Germany supports Global Peatlands Initiative with around 2 million euros
Intact soils, in particular in peat bog areas, play an important role in combatting global climate change. Today’s World Soil Day (5 December) is raising awareness of this fact. Peatland conservation is also a topic at the Climate Change Conference at Katowice: Tomorrow, on 6 December, Germany will present its projects in support of the Global Peatlands Initiative, which will be funded by the federal government with 2 million euros.
Federal Environment Minister Svenja Schulze commented: "Peatland soils are enormous carbon sinks. Whenever they are drained, greenhouse gas emissions are released. Peatland conservation is an essential and basic component of climate action in many parts of the world. At the same time, it is important to re-wet peat bogs in a way that prevents the release of emissions while still allowing agricultural uses. We are currently working on a national peatland coservation strategy that will help us tap the climate action potential of peatlands in Germany. In addition, we want to help disseminate knowledge of peatlands around the world to allow different countries to learn from each other."
Germany is supporting the International Peatlands Initiative with just under two million euros of funding from the Federal Environment Ministry’s International Climate Initiative. The aim of the peatlands initiative is to save peat bogs as the world’s largest terrestrial carbon sink and thus prevent releases of CO2 into the atmosphere. Leading coordinator of the Global Peatlands Initiative is the United Nations Environment Programme (UN Environment). The initiative is organising a South-South knowledge exchange and promotes technology transfer of tried and tested peatland management procedures and methods which help in adapting to climate change and are part of mitigation efforts.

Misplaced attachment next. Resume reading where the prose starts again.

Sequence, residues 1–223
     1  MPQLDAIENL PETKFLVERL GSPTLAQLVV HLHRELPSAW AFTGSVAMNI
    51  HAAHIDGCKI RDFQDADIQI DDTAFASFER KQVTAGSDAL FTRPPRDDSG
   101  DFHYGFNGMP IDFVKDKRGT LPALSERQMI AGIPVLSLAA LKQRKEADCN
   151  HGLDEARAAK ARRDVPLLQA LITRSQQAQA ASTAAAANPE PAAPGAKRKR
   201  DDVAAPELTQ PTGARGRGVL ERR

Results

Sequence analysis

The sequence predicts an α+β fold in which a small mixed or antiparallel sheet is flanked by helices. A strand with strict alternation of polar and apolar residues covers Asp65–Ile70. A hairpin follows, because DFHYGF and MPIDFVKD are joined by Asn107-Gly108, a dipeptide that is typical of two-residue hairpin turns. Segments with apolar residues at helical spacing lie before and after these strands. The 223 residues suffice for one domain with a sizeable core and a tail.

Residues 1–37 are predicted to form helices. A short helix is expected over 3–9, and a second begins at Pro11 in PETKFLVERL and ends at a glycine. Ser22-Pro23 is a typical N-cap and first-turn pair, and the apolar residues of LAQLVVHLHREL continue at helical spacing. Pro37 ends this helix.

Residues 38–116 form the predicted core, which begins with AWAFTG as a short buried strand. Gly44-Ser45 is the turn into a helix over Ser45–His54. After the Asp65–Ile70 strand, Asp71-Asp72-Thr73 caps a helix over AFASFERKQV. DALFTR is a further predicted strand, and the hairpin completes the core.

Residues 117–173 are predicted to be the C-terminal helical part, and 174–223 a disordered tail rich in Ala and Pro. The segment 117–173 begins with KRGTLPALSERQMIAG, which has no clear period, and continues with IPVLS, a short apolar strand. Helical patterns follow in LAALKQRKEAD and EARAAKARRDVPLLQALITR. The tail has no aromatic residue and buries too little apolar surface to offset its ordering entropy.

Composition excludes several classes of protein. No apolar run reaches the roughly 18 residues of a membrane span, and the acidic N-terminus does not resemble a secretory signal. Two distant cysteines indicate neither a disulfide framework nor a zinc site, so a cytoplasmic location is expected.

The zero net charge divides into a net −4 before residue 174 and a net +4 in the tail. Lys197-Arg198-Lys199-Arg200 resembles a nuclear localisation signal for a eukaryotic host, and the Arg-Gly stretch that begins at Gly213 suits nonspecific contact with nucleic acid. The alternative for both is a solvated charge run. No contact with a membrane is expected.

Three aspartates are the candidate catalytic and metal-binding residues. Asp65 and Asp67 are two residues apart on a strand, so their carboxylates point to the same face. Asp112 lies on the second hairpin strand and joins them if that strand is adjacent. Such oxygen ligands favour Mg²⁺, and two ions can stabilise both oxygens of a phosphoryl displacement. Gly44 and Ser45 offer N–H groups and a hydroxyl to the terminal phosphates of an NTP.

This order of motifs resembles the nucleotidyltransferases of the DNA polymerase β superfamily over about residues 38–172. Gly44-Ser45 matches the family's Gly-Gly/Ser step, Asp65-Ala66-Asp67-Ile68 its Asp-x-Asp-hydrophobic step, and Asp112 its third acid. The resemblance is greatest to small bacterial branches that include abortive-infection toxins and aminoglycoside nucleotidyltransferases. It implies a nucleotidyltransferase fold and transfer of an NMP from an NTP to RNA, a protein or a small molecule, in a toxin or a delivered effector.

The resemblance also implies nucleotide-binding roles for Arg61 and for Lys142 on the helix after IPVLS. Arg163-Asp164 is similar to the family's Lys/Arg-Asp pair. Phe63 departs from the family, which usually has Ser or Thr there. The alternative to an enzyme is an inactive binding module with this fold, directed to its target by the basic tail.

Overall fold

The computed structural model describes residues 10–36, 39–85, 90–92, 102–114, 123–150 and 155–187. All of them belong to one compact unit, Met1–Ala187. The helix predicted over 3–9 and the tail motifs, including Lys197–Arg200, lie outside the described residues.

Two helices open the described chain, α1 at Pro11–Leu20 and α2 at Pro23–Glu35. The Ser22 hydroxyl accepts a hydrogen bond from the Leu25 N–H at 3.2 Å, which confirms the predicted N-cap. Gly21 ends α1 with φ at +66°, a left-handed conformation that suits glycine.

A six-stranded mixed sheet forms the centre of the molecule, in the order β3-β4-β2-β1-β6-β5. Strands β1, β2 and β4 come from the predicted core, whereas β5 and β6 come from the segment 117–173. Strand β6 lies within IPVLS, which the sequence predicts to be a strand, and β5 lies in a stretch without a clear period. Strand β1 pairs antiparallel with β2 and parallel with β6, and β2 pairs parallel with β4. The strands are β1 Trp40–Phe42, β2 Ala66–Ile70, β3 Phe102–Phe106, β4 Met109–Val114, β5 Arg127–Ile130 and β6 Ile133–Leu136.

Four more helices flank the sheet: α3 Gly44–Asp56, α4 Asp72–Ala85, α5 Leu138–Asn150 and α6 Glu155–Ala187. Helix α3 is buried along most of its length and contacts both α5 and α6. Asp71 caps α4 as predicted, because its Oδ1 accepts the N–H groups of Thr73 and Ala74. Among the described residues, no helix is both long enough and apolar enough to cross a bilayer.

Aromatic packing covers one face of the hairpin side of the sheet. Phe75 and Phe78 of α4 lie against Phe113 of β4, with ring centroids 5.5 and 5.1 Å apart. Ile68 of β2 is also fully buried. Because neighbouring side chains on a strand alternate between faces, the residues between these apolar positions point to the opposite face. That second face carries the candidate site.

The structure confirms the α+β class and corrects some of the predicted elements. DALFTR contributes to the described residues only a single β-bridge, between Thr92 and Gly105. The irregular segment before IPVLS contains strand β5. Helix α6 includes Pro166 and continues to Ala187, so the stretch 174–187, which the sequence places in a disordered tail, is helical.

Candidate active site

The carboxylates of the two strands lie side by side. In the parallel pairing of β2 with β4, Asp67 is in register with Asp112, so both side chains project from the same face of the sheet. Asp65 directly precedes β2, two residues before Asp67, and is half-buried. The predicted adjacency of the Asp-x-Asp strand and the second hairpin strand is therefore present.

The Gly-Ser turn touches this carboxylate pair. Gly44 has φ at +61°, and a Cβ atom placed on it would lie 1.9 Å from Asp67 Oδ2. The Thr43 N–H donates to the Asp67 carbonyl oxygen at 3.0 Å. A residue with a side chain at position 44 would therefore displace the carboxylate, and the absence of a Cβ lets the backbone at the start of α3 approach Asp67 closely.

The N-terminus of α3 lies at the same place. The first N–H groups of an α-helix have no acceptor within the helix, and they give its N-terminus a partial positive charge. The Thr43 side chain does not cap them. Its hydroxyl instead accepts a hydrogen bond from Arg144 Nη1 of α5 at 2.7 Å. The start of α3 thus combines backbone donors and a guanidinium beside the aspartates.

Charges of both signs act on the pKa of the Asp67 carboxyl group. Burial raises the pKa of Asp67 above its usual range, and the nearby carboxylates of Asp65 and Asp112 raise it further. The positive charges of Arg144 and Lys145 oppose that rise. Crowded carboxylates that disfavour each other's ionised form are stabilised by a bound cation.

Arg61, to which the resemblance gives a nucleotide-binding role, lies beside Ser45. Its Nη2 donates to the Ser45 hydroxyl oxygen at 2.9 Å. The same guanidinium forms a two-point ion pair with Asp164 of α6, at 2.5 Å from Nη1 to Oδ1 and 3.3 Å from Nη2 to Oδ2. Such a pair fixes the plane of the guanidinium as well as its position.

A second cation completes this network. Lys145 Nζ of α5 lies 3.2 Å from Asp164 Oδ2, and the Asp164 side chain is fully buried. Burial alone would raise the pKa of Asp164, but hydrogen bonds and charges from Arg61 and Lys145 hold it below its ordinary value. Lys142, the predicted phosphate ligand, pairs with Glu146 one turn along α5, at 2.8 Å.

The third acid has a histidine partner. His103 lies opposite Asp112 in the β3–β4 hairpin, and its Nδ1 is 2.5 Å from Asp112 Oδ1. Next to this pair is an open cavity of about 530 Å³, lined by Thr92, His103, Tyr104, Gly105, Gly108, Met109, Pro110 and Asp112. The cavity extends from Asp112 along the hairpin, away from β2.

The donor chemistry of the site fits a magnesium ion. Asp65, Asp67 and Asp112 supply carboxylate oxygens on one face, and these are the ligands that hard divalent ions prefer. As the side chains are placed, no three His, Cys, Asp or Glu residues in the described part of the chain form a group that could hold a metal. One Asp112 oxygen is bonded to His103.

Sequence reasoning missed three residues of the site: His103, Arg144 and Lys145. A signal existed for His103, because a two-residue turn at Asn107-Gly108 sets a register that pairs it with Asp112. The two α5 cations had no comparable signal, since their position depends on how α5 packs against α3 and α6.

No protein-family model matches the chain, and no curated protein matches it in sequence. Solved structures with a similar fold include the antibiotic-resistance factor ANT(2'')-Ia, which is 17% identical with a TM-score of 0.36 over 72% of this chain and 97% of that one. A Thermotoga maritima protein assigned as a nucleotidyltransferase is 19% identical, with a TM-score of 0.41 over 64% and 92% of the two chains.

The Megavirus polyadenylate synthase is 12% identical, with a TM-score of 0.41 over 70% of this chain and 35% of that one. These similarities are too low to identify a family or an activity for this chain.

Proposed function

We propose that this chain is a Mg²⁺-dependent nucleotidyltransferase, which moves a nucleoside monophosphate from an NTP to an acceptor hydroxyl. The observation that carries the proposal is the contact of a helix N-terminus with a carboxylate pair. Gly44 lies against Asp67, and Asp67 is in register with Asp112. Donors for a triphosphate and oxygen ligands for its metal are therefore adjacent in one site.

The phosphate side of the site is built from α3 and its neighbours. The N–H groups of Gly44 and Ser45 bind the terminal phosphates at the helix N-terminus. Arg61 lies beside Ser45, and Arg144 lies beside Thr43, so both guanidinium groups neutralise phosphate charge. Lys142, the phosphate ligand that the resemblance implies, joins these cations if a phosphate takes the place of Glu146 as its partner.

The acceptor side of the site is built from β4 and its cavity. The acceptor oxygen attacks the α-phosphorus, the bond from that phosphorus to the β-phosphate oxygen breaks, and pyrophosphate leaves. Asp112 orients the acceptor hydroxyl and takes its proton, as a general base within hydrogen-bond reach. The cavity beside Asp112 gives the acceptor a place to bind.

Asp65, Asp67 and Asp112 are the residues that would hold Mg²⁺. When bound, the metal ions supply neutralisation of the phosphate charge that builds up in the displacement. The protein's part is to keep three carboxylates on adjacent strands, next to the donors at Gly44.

In Germany, more than 90 per cent of peatlands are classified as drained. Drainage was carried out in particular in the 1960s and 70s to cut peat and gain additional land for agricultural and forestry uses. As a result, the peat decomposes in these bog soils and greenhouse gases are released. This process leads to a leaching of the fertility base in these soils which can only be stopped by raising the water level on the affected areas. In order to use the soils for agricultural purposes sustainable soil management is required.
Globally, peat in bogs sequesters more CO2 than forests, even though peatlands only make up three per cent of the global surface area. Peatland soils store approximately 450 to 500 gigatonnes of CO2 in the form of peat. Current greenhouse gas emissions from drained or burnt peatlands are estimated to amount to five per cent of all anthropogenic emissions. This corresponds to approximately two billion tonnes of CO2 per year. Peatlands are also crucial for biodiversity conservation and for ensuring a secure hydrological cycle.